Right-lateralized unconscious, but not conscious, processing of affective environmental sounds

Hdl Handle:
http://hdl.handle.net/10034/581799
Title:
Right-lateralized unconscious, but not conscious, processing of affective environmental sounds
Authors:
Schepman, Astrid ( 0000-0002-7407-362x ) ; Rodway, Paul ( 0000-0002-7667-6782 ) ; Pritchard, Hayley
Abstract:
Much research on the laterality of affective auditory stimuli features emotional speech. However, environmental sounds can also carry affective information, but their lateralized processing for affect has been studied much less. We studied this in 2 experiments. In Experiment 1 we explored whether the detection of affective environmental sounds (from International Affective Digital Sounds) that appeared in auditory scenes was lateralized. While we found that negative targets were detected more rapidly, detection latencies were the same on the left and right. In Experiment 2 we examined whether conscious appraisal of the stimulus was needed for lateralization patterns to emerge, and asked participants to rate the stimuli's pleasantness in a dichotic listening test. This showed that when positive/negative environmental sounds were in the attended to-be-rated channel, ratings were the same regardless of laterality. However, when participants rated neutral stimuli and the unattended channel was positive/negative, the valence of the unattended channel affected the neutral ratings more strongly with left ear (right hemisphere, RH) processing of the affective sound. We link our findings to previous work that suggests that the RH may specialize in the unconscious processing of emotion via subcortical routes.
Affiliation:
Department of Psychology, University of Chester
Citation:
Schepman, A., Rodway, P., & Pritchard, H. (2016). Right-lateralized unconscious, but not conscious, processing of affective environmental sounds. Laterality: Asymmetries of Body, Brain and Cognition, 21(4-6), 606-632. doi:10.1080/1357650X.2015.1105245
Publisher:
Taylor & Francis
Journal:
Laterality: Asymmetries of Body, Brain and Cognition.
Publication Date:
29-Oct-2015
URI:
http://hdl.handle.net/10034/581799
Additional Links:
http://dx.doi.org/10.1080/1357650X.2015.1105245
Type:
Article
Language:
en
Description:
Journal article - this version is early online. Print version to follow.
ISSN:
1464-0678; 1357-650X
Sponsors:
University of Chester internal grant
Appears in Collections:
Psychology

Full metadata record

DC FieldValue Language
dc.contributor.authorSchepman, Astriden
dc.contributor.authorRodway, Paulen
dc.contributor.authorPritchard, Hayleyen
dc.date.accessioned2015-11-05T09:43:53Zen
dc.date.available2015-11-05T09:43:53Zen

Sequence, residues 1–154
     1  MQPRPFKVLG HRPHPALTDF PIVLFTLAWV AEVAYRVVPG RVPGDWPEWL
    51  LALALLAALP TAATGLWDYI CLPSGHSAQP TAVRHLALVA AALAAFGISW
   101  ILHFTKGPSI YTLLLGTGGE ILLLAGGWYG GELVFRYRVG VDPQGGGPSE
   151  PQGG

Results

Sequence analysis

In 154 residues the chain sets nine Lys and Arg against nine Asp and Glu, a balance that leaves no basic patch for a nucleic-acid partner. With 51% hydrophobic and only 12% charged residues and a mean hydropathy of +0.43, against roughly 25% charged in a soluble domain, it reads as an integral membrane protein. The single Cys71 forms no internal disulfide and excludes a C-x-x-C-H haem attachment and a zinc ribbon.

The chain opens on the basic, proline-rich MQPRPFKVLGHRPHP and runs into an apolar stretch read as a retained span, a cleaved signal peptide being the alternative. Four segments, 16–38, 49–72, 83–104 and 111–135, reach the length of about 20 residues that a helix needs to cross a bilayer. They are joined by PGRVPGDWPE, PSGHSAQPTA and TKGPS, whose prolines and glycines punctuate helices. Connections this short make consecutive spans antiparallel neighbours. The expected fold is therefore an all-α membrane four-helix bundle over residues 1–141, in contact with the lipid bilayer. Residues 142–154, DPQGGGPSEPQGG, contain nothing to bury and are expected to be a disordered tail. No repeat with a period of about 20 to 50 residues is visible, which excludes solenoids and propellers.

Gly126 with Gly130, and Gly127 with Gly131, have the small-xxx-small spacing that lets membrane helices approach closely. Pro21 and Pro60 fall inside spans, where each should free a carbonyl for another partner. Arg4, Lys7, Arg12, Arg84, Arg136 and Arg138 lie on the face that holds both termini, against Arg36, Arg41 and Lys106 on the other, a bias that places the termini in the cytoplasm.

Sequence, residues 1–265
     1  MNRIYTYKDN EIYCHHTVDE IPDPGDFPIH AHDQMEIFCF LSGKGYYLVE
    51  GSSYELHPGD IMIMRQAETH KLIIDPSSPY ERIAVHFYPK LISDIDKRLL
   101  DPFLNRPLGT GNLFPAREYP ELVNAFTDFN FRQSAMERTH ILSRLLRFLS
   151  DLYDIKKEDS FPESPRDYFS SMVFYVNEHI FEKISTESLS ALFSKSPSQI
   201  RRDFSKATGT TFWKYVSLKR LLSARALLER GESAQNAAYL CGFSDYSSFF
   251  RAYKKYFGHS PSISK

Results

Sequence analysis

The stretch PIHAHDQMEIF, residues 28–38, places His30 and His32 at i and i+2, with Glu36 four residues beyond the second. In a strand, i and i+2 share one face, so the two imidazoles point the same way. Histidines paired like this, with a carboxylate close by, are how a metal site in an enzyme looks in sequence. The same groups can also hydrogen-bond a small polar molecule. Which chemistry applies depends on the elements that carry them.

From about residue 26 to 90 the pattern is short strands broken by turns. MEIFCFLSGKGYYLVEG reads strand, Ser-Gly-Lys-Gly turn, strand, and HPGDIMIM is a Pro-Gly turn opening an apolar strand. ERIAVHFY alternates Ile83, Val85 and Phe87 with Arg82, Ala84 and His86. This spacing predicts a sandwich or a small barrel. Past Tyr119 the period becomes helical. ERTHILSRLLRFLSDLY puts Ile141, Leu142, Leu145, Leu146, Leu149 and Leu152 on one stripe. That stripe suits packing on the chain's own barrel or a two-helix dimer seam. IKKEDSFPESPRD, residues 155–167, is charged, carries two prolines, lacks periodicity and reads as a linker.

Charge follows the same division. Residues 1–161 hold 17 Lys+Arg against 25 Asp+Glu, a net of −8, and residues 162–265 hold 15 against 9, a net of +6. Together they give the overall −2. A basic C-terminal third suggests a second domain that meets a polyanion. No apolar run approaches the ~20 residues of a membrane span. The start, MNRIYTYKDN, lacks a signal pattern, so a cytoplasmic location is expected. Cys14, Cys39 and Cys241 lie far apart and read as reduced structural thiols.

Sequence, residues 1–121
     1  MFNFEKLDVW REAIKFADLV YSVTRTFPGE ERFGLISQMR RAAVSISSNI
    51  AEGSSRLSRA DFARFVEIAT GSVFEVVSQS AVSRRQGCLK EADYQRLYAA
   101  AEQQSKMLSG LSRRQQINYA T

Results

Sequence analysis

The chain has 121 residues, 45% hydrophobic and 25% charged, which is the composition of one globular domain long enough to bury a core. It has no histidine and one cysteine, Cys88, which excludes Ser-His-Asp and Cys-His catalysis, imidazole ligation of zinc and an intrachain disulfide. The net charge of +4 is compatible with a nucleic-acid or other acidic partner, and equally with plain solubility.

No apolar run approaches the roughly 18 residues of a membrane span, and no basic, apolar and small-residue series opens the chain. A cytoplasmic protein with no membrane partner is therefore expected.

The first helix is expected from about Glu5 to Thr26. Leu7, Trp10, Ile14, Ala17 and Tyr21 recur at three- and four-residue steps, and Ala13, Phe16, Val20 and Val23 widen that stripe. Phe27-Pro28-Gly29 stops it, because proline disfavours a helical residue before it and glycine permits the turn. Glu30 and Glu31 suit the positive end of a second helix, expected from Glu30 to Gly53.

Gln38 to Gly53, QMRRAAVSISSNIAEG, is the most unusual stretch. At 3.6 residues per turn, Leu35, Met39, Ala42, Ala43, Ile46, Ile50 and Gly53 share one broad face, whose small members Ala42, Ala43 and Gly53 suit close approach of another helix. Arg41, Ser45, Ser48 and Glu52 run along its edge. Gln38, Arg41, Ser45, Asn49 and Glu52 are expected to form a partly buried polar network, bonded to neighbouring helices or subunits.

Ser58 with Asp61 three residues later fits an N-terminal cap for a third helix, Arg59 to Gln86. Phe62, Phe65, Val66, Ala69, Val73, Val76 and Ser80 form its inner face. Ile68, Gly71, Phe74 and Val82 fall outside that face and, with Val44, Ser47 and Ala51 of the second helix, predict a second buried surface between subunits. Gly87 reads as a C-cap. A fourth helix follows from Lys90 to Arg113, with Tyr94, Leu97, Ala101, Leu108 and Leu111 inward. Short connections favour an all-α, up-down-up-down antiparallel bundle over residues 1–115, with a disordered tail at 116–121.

dc.date.issued2015-10-29en
dc.identifier.citationSchepman, A., Rodway, P., & Pritchard, H. (2016). Right-lateralized unconscious, but not conscious, processing of affective environmental sounds. Laterality: Asymmetries of Body, Brain and Cognition, 21(4-6), 606-632. doi:10.1080/1357650X.2015.1105245en
dc.identifier.issn1464-0678en
dc.identifier.issn1357-650Xen
dc.identifier.urihttp://hdl.handle.net/10034/581799en
dc.descriptionJournal article - this version is early online. Print version to follow.en
dc.description.abstractMuch research on the laterality of affective auditory stimuli features emotional speech. However, environmental sounds can also carry affective information, but their lateralized processing for affect has been studied much less. We studied this in 2 experiments. In Experiment 1 we explored whether the detection of affective environmental sounds (from International Affective Digital Sounds) that appeared in auditory scenes was lateralized. While we found that negative targets were detected more rapidly, detection latencies were the same on the left and right. In Experiment 2 we examined whether conscious appraisal of the stimulus was needed for lateralization patterns to emerge, and asked participants to rate the stimuli's pleasantness in a dichotic listening test. This showed that when positive/negative environmental sounds were in the attended to-be-rated channel, ratings were the same regardless of laterality. However, when participants rated neutral stimuli and the unattended channel was positive/negative, the valence of the unattended channel affected the neutral ratings more strongly with left ear (right hemisphere, RH) processing of the affective sound. We link our findings to previous work that suggests that the RH may specialize in the unconscious processing of emotion via subcortical routes.en
dc.description.sponsorshipUniversity of Chester internal granten
dc.language.isoenen
dc.publisherTaylor & Francisen
dc.relation.urlhttp://dx.doi.org/10.1080/1357650X.2015.1105245en
dc.subjectAuditory Emotionen
dc.subjectImpliciten
dc.subjectExpliciten
dc.subjectAttentionen
dc.subjectFunctional Hemispheric Asymmetryen
dc.subjectbrainen
dc.subjectlateralityen
dc.subjectconsciousnessen
dc.titleRight-lateralized unconscious, but not conscious, processing of affective environmental soundsen
dc.typeArticleen
dc.contributor.departmentDepartment of Psychology, University of Chesteren
dc.identifier.journalLaterality: Asymmetries of Body, Brain and Cognition.en
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